Saturday, 7 June 2014

Thanks to a new lubricant, small gears can run with virtually no friction. Made from liquid crystalline fluid, these lubricants drastically reduce friction and wear.

Lubricants are used in motors, axels, ventilators and manufacturing machines. Although lubricants are widely used, there have been almost no fundamental innovations for this product in the last twenty years. Together with a consortium, the Fraunhofer Institute for Mechanics of Materials IWM in Freiburg has developed an entirely new class of substance that could change everything: liquid crystalline lubricant . Its chemical makeup sets it apart; although it is a liquid, the molecules display directional properties like crystals do. When two surfaces move in opposite directions, the liquid crystal molecules between the two surfaces align themselves so that the frictional resistance is extremely low. This enables nearly frictionless sliding.

Liquid crystals are known for its use in liquid crystal displays (LCDs) in TV screens, mobile phones or touchscreens. The unusual idea to use them as a lubricant was proposed by Nematel GmbH, which then turned to Fraunhofer IWM to see if it would work. There, Dr. Tobias Amann applied the lubricant made from liquid crystal between two metal workpieces. "Even in the first test, we measured extremely low friction coefficients," remembers Amann.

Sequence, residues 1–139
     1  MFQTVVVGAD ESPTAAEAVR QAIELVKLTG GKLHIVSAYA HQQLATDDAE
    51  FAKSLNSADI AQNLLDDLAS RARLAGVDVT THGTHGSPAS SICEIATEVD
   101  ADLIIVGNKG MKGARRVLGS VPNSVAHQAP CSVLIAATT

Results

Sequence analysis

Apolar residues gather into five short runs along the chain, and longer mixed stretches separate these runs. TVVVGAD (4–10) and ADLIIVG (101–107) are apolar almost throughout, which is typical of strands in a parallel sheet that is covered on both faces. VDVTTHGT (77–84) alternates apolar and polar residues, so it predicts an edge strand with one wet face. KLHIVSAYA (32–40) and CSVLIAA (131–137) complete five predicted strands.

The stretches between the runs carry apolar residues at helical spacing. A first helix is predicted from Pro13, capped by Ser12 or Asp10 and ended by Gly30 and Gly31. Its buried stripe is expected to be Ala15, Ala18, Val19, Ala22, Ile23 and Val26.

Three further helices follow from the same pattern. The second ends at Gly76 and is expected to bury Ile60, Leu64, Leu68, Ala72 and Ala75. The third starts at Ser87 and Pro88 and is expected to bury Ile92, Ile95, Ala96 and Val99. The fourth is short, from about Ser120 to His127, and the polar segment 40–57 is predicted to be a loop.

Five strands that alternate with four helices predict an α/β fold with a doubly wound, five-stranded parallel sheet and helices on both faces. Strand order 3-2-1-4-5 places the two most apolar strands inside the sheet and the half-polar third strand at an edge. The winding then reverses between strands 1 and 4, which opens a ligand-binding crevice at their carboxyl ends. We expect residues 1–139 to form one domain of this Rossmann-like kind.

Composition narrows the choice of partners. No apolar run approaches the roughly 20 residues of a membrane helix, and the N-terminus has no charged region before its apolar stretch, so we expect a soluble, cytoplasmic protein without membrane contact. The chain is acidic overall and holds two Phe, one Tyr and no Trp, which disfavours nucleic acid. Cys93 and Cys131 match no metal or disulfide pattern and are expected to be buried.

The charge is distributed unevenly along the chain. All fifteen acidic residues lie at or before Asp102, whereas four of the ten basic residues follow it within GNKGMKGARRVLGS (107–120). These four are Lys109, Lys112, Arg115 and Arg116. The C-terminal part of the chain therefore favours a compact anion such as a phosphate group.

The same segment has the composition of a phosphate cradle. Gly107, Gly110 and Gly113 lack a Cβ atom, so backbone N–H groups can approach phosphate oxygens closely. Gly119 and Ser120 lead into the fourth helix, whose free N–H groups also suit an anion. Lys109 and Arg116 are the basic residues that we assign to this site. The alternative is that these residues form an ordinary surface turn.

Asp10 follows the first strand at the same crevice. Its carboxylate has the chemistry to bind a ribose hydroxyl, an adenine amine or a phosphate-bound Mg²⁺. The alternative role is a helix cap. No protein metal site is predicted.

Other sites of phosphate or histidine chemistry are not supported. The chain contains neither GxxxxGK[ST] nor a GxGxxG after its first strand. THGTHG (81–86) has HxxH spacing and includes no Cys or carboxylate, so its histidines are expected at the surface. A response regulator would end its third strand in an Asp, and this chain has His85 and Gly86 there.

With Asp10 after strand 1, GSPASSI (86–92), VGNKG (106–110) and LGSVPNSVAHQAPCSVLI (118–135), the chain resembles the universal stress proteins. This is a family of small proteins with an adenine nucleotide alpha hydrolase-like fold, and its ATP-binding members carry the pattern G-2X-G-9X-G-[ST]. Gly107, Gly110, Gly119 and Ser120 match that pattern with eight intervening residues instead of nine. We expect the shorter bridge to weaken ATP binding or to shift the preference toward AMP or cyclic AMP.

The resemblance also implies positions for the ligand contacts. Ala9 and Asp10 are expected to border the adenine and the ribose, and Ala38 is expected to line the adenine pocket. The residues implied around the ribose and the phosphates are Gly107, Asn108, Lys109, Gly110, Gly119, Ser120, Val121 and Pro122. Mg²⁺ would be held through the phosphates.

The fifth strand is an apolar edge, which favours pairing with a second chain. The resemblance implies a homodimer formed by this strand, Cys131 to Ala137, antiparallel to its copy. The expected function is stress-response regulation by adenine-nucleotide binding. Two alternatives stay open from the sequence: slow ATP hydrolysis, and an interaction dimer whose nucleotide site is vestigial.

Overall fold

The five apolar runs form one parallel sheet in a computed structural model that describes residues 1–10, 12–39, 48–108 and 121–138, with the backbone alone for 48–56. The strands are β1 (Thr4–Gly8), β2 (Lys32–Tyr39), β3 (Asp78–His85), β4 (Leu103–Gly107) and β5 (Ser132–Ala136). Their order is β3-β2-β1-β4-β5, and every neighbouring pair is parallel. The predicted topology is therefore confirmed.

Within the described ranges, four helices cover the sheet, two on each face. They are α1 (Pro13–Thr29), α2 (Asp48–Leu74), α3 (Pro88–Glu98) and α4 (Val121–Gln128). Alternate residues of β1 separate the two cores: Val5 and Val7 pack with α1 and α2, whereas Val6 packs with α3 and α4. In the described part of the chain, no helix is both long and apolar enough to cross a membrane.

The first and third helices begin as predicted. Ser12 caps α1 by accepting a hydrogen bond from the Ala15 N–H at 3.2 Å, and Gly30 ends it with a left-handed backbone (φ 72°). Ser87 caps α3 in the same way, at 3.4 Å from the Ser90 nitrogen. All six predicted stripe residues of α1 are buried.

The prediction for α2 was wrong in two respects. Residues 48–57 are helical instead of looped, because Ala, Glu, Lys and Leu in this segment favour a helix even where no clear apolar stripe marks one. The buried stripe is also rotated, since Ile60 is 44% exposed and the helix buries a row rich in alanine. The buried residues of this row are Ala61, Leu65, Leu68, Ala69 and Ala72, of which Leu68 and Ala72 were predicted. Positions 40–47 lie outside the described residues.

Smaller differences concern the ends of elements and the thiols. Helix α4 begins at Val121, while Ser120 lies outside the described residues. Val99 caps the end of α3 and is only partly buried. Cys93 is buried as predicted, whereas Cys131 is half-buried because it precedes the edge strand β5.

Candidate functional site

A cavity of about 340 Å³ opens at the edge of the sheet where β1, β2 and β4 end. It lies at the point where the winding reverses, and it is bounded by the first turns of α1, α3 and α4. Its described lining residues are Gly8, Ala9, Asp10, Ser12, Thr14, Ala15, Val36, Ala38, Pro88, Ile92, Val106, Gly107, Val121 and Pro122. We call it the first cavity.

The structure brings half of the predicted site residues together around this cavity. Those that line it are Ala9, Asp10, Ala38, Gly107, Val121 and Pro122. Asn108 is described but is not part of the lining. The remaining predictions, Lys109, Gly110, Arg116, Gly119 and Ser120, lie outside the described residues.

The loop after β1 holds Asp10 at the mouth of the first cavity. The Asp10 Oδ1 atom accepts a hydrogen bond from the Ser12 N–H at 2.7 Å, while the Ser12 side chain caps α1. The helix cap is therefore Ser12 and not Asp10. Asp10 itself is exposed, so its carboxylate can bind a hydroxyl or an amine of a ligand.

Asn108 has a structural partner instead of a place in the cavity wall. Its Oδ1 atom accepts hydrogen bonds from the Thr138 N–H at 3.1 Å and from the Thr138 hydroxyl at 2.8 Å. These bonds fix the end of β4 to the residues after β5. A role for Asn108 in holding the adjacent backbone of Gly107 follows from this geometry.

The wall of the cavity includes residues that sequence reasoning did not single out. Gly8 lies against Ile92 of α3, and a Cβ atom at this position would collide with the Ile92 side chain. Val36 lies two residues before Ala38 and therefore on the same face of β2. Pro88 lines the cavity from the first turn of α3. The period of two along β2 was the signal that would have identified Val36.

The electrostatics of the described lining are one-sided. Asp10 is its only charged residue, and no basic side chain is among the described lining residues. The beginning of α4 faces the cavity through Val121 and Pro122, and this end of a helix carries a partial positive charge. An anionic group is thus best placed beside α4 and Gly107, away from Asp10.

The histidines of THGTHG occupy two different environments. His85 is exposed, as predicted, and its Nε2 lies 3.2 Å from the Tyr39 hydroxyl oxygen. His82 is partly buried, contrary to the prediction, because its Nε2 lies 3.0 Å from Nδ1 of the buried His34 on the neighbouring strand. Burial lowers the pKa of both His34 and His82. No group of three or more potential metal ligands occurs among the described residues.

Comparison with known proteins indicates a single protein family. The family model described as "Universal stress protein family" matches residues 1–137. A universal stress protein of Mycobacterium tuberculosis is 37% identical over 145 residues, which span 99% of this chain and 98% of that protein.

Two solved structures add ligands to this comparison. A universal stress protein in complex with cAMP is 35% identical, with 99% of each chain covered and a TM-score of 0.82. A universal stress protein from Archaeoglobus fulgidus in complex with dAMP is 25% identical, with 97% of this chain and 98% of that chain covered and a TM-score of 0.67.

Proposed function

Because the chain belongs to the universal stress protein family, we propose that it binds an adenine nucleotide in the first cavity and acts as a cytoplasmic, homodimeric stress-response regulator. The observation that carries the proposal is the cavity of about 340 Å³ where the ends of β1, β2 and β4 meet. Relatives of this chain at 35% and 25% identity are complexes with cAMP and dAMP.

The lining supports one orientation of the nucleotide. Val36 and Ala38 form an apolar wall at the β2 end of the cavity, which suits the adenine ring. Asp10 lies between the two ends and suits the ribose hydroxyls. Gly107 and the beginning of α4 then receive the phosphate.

Match-shaped molecules form a liquid crystalline structure:

The researchers at Fraunhofer IWM discovered that liquid crystal is well suited for lubricants because its molecules are long and thin. "When used as a lubricant between two surfaces that slide past each other, the molecules become aligned in parallel to each other in ordered boundary layers," explains Dr. Andreas Kailer, acting director for the Tribology business unit at Fraunhofer IWM. These layers are very stable but slide easily over each other, keeping friction and wear to a minimum.

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